Advocacy groups participating in California's gay marriage cases
Associated Press


Mission: "Provides the resources that will keep the door open for the spread of the Gospel through the legal defense and advocacy of religious freedom, the sanctity of human life, and traditional family values."

Year Founded: 1993

Annual revenues: $15.7 million in 2002

Legal Victory: In 2003, a federal appeals court agreed with ADF that a Bronx church should be allowed to rent space at a public middle school in New York despite a Board of Education policy barring the practice.

Leaders: ADF President Alan Sears, a former assistant U.S. attorney who directed the Commission on Pornography under Attorney General Edwin Meese, is co-author of "The Homosexual Agenda: Exposing the Principal Threat to Religious Freedom Today."


Gay American Murdered In Mexican Prison
by Newscenter Staff

(Laredo, Texas) A gay American man accused of killing a man in Nuevo Laredo, Mexico has been brutally stabbed to death in prison only a month after the US government said he was being tortured by guards, and only one day after prison officials assured a consular official that he was safely separated from the general prison population.

Washington is demanding answers to questions surrounding the killing of Mario Medina, 23.  The US State Department wants to know how his killer got to him if he were segregated.

Medina was stabbed 88 times. The State Department also wants to know if more than one prisoner were involved in the slaying.

Mario Medina, 23, and his partner Hiram Oliveros, 28, both of Laredo, Texas, have been held by Tamaulipas state authorities since March 26 as suspects in the slaying of a newspaper editor Roberto Mora. The body of Mora, editor of El Manana, was found March 19.  Police say he had been stabbed 26 times.


Cardinal Wants Communion Denied To Rainbow Sash Movement
Memo Reminds Priests Of Church Policies

CHICAGO -- Cardinal Francis George is sending a controversial letter to parishes across Chicago. The cardinal is saying that a small group of gay Catholics should not be given communion on Sunday.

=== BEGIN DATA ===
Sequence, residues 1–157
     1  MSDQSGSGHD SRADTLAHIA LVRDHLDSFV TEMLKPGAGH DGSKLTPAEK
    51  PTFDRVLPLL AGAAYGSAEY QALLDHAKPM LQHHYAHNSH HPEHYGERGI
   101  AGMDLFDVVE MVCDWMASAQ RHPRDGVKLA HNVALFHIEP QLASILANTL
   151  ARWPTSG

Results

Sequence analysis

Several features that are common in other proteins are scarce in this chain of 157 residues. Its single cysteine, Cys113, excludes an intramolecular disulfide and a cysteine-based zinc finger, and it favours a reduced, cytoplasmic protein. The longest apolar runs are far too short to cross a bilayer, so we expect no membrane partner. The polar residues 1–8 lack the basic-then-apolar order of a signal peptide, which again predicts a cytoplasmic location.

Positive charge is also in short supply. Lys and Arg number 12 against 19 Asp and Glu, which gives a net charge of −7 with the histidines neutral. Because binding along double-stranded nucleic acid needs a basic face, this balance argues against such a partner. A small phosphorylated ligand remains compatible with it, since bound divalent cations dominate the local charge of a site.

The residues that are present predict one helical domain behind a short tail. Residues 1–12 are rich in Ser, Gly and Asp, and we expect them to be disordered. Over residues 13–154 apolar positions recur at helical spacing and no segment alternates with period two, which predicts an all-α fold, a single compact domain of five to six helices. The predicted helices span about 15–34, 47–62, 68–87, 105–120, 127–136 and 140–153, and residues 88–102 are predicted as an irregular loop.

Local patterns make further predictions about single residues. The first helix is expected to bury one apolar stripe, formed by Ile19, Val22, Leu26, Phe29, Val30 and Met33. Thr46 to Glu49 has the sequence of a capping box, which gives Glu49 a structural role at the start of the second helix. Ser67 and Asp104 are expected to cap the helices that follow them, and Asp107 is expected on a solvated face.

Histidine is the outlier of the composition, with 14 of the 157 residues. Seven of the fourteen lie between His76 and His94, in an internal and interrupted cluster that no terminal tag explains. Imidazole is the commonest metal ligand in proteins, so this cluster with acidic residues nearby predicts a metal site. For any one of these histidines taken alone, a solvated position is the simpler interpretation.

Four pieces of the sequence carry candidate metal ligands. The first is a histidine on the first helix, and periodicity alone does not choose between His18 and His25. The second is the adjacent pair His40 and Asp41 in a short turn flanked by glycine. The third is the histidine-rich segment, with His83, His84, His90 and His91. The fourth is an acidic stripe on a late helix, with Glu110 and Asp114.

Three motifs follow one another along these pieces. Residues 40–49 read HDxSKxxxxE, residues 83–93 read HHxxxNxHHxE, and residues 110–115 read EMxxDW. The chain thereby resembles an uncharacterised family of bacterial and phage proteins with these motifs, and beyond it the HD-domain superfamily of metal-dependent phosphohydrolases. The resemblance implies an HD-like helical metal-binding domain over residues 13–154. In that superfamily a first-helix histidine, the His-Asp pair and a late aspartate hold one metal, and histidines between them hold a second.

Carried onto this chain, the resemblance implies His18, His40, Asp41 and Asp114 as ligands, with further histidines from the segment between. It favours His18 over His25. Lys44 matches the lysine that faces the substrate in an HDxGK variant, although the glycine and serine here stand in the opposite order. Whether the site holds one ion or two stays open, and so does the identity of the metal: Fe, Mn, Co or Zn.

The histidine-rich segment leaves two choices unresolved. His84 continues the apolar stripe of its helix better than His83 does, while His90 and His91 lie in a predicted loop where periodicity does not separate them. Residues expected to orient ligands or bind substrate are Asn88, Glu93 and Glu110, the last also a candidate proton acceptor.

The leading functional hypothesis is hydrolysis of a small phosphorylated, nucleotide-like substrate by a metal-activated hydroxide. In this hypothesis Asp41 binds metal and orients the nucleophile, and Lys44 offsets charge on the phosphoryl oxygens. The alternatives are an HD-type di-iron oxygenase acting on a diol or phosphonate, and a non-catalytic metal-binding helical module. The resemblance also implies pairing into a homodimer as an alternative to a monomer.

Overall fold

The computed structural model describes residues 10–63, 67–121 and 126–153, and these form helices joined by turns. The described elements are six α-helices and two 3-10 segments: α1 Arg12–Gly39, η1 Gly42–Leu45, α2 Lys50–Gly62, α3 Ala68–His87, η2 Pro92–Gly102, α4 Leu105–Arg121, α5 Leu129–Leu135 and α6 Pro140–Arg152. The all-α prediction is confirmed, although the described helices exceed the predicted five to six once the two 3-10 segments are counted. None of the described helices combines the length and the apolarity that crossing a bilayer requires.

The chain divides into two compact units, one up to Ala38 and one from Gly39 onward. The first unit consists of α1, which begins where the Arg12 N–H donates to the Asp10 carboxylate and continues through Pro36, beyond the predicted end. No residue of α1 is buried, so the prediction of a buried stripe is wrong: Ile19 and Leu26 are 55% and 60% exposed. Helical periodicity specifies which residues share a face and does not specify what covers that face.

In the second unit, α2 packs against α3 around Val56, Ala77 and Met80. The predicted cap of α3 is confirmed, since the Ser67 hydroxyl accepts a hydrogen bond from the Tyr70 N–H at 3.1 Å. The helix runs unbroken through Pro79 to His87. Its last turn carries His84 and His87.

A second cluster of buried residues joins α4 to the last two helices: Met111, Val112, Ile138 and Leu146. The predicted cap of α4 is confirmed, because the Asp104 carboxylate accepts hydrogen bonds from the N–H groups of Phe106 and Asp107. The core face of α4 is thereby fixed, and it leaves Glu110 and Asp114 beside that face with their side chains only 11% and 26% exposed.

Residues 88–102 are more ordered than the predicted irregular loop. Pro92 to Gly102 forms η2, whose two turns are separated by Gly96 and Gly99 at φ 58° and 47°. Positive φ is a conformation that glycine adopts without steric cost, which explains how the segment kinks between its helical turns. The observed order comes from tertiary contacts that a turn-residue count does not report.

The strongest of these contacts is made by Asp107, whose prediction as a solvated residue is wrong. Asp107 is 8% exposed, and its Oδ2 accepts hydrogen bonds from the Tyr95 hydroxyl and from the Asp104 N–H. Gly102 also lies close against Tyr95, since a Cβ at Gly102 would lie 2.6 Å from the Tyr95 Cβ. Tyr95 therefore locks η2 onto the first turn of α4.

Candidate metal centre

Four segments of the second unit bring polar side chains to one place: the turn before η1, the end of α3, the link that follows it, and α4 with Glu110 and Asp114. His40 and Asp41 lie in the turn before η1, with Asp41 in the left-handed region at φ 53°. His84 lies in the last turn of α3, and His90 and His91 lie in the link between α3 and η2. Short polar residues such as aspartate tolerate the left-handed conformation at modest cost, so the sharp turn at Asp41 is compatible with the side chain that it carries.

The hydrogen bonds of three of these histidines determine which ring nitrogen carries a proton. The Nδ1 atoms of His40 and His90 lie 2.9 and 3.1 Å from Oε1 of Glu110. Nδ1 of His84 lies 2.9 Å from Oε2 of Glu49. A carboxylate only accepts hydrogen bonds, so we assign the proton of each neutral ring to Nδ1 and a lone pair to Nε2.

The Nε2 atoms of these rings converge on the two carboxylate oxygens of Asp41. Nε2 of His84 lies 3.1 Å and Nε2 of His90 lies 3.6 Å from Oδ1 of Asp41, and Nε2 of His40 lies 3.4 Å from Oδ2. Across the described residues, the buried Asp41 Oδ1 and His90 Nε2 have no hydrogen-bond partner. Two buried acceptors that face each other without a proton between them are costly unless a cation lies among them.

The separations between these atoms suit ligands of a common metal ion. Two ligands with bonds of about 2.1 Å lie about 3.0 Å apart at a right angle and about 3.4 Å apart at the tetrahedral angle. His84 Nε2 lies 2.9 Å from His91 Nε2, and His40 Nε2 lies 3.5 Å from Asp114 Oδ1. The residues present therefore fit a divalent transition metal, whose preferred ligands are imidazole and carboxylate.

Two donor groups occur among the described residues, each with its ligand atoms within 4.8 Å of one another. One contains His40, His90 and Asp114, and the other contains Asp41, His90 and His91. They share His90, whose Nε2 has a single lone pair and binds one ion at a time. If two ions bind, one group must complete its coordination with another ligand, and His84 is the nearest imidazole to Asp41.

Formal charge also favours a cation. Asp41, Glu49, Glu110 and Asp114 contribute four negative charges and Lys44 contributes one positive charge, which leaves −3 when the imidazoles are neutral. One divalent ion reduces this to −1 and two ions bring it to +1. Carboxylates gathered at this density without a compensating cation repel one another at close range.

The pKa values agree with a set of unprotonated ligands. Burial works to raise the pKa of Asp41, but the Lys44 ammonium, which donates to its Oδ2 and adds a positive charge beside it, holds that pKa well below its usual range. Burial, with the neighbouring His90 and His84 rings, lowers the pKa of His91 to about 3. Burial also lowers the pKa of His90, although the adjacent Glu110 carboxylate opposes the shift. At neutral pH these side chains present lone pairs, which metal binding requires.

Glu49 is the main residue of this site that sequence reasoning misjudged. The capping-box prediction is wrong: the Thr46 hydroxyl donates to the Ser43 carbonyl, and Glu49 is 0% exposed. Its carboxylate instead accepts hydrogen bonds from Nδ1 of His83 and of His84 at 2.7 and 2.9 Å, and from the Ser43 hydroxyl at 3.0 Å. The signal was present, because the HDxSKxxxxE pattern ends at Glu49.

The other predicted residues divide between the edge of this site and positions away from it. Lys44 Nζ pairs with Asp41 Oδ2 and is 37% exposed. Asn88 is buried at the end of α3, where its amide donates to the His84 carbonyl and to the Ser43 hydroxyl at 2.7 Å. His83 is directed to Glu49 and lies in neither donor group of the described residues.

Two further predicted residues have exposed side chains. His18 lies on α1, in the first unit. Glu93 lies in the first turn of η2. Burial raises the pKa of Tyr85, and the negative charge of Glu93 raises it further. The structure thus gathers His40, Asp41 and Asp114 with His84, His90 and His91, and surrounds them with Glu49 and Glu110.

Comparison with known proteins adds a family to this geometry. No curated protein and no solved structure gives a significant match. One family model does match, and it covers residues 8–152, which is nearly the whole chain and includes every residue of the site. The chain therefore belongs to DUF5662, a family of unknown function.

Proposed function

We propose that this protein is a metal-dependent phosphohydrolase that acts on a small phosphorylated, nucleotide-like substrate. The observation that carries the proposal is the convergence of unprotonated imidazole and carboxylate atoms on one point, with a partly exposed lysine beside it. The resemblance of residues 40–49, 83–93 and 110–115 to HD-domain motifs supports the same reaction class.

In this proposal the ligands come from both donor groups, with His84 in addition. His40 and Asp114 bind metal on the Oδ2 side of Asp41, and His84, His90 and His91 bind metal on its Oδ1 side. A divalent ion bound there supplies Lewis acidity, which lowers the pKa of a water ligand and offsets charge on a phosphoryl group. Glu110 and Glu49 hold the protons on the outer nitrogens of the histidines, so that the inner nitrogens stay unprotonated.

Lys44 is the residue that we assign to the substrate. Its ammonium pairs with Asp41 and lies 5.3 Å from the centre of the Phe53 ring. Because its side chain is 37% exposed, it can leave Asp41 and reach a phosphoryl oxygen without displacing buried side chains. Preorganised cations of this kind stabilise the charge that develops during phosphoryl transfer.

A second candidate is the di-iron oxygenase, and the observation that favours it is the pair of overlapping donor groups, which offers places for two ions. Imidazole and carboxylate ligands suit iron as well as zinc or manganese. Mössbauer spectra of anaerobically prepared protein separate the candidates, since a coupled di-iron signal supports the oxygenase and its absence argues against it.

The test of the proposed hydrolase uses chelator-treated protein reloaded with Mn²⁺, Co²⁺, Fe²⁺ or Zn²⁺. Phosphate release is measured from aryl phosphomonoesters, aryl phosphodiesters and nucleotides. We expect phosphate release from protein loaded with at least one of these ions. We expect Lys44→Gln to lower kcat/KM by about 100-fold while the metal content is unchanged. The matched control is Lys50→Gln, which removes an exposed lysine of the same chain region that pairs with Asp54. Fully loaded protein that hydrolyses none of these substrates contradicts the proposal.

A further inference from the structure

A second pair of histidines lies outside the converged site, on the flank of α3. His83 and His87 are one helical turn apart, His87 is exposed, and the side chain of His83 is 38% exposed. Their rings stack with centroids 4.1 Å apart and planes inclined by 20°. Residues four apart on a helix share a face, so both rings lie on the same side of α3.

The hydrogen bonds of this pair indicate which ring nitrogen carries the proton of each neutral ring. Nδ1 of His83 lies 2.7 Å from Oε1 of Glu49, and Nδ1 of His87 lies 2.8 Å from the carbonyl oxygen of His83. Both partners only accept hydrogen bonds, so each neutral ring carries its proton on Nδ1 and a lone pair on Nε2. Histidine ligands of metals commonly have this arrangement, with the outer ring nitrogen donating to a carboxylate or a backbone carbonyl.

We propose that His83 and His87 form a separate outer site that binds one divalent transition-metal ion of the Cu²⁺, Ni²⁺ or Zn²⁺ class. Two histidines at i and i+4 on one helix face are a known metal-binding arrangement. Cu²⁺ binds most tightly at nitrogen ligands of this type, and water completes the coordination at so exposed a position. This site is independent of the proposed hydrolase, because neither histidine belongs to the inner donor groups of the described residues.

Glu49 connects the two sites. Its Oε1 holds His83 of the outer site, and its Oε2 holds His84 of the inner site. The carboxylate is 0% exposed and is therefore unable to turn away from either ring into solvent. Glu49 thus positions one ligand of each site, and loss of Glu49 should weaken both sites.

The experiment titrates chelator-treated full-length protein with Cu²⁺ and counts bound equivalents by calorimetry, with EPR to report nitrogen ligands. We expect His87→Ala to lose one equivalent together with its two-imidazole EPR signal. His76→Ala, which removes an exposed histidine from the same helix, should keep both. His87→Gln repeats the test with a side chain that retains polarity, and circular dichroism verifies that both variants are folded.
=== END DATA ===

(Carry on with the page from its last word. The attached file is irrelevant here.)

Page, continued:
The controversy about denying those Catholics communion has been brewing this political year. Now, NBC5's Mary Ann Ahern reports that a memo by George to the priests of Chicago directs them to refuse giving communion to the Rainbow Sash Movement, which plans to attend Mass at Holy Name Cathedral Sunday.

In the memo, George says the Rainbow Sash Movement disagrees that "genital homosexual relations are objectively mortally sinful.

"The policy of the U.S. Conference of Bishops is not to give communion to those wearing the sash," George reminded.

"It's almost you have to check what city you are going to be in to see who can receive communion," said the Rev. Richard Prendergast, a suburban priest.

New Mexico company gives gifts to gay couples married in Massachusetts
The Associated Press

SANTA FE (AP) - A New Mexico company offered free wedding gifts to gay couples married in Massachusetts, requiring only a copy of the wedding certificate and a note saying what marriage means to them.

Santa Fe-based Nambe, known for its elegant, modern designs of housewares including bowls, serving trays and vases, offered married gay couples its Nambe

Planar crystal bowl set in an offer that lasted from May 17 through May 24.
Bob Borden, vice president of design at Nambe, said the company is one of several highly registered brands for bridal gifts, and the offer was reaching out to a new demographic group of married couples.

"We're a company that celebrates weddings, and it fit right within our overall marketing scheme. To judge what is right and wrong is really not our responsibility," Borden said. "For us, the more people that get married the better."


Dictionaries take lead in redefining modern marriage
By Jennifer Harper

Now that Massachusetts has legalized same-sex "marriage," will major dictionaries expand their definitions of the word "marriage" itself?

    The answer is simple: They already have.

    Advocates of traditional marriage who once relied on dictionary definitions to bolster their case for the preservation of "one man-one woman" marriage might have to cite another authority.

    Boston-based Houghton Mifflin, publisher of the American Heritage Dictionary, added a "same sex" clause to its definition of marriage in 2000.

    "A union between two persons having the customary but usually not the legal force of marriage," the addition — or "sub sense" — states.

    "But we'll be altering that in the future to reflect the Massachusetts decision," editor Joe Pickett said.


Post a Comment

Links to this post:

Create a Link

<< Home